Aptly dubbed the Smiling Assassin by her Muay Thai kickboxing trainer, her regal presence sets a fine example of how we all might face the differences of opinion so hard to understand, during a week when the Ku Klux Clan had been photographed on a bridge crossing a highway during workday commute hours.

In the same vein, consider the time earlier in the year when, as the Commonwealth Poet and guest reader at Westminster Abbey, Selina extended a hand to a certain Baron What’s-his-face, only to have her hand left hanging. Selina refused to let him reduce her to the level of his apparent opinion.

As she says, it is part of her name – the proto-Polynesian ‘ala’ – to be a path, not a wall. In a year when far too much has been said in the name of a certain proposed wall, such words are balm to all humanity.

In addition to an ironically instructional excerpt from Paula Morris’s ‘Bad Story (so you don’t have to write it’, four poems were performed: Robert Louis Stevenson’s ‘Requiem’ (as we were transported to Samoa in the late 1800s), ‘Tusitala’ (Selina’s 1996 manifesto piece), ‘Pussy Cat’ (penned for the potential racist, and the Duke who dared question the ‘post’ in ‘postcolonial literature’), and (thrillingly) the royally commissioned ‘Unity’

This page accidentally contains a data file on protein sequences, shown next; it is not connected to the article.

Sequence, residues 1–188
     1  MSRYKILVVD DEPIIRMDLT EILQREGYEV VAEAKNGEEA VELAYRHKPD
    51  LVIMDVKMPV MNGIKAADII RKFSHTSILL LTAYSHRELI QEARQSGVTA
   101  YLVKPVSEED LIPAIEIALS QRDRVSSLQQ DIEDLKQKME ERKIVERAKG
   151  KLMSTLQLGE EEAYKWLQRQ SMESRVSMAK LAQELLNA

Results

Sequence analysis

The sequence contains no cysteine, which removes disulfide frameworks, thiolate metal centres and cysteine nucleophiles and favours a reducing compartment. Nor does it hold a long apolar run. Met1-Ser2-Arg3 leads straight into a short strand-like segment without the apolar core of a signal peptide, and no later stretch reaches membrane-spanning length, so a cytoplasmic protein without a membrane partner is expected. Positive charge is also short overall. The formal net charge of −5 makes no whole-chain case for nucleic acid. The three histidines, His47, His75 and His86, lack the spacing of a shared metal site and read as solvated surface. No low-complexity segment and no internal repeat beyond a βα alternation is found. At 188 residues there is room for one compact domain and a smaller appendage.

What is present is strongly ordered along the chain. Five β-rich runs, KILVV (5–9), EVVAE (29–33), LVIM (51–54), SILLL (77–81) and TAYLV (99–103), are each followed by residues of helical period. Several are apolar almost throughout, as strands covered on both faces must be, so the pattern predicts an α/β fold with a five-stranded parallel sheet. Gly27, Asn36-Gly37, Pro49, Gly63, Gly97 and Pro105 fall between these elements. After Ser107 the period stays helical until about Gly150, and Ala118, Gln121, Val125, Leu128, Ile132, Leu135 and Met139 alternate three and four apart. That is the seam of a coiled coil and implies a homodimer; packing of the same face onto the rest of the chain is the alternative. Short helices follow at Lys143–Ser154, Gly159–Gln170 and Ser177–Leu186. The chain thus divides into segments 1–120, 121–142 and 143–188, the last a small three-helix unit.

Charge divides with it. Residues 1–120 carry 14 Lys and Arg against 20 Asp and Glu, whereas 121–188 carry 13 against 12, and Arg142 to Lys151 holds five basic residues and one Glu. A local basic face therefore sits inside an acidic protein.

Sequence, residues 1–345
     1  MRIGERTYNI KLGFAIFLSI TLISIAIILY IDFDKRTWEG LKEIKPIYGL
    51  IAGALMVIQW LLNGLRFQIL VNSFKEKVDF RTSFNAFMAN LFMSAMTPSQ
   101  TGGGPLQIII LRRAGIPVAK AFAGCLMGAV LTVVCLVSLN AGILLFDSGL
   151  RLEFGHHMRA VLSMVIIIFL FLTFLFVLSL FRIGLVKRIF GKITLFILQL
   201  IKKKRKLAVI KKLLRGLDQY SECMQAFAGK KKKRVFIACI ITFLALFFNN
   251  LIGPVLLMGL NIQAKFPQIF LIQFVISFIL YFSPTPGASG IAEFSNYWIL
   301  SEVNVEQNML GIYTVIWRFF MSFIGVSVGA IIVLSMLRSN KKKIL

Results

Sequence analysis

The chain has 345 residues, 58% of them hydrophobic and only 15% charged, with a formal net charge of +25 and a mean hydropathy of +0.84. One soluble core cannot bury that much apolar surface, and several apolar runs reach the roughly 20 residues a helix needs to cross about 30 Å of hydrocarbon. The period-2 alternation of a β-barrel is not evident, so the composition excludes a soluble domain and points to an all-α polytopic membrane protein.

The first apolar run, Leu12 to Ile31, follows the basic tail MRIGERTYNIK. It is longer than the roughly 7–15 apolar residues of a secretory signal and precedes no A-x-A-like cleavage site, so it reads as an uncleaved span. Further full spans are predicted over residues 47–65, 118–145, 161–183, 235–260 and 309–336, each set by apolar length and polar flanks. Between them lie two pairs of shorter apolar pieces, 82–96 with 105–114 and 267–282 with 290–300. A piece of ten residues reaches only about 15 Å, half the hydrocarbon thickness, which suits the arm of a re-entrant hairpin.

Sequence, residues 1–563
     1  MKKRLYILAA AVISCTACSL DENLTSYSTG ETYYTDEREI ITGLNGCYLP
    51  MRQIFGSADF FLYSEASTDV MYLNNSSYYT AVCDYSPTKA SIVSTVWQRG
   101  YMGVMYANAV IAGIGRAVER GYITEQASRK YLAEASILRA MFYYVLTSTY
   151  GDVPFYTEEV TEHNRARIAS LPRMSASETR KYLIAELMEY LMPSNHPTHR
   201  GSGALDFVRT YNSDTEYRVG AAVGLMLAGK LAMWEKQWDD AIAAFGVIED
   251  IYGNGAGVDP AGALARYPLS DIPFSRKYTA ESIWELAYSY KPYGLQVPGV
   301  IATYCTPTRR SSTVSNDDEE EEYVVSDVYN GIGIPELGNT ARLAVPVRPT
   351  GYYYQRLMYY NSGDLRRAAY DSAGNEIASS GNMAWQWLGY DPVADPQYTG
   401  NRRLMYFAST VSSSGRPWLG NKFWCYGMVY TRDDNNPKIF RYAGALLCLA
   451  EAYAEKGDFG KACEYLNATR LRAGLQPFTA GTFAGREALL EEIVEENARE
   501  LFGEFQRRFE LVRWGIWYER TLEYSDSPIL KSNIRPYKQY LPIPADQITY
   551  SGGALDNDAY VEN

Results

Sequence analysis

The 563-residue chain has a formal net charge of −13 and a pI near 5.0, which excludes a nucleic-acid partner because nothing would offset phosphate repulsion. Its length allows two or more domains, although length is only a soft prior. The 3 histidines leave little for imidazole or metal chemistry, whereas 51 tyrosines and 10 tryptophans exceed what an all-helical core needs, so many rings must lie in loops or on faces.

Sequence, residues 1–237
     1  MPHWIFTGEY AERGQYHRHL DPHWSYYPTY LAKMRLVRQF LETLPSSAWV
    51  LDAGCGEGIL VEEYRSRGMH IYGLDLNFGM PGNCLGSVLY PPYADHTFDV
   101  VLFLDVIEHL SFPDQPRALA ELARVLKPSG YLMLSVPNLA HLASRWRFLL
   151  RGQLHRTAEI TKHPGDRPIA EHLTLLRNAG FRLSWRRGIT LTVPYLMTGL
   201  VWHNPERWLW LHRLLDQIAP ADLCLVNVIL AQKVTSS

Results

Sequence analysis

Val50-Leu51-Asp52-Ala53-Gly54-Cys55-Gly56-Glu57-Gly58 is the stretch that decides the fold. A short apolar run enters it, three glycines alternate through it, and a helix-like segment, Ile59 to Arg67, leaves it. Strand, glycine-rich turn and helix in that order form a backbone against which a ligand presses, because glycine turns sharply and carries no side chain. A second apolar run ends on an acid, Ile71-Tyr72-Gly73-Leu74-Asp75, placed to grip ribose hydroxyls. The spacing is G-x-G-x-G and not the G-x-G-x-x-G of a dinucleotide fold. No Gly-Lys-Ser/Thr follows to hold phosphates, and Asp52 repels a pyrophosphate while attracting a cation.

‘There’s a U and an I in unity / costs the earth and yet it’s free…’

Never have the lines been more necessary.

Near closing, Selina acknowledged, “People will walk over me and if they do so ungraciously, that’s their karma; but people will walk over, and that’s about connection.”  If the world had not exactly been put to rights, the battle cry for continued attempts to affect so had certainly been sounded. Round One to diverse poetry.

Fa’afetai, Selina. ‘What you do affects me.’

Complete lecture available here.

 

 

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Poetry = Medicine at the Apothecary (more photos from here below)

‘Wherever the art of Medicine is loved, there is also a love of
Humanity’ – Hippocrates
They say writing is therapy – so’s listening to it. Come along for
readings from those who fuse medicine with poetry.
Featuring John Dennison, Chris Price, Sue Wootton, Rae Varcoe
and Paul Stanley-Ward.

 

A LitCrawl letter from Helen Rickerby:

LitCrawl 2016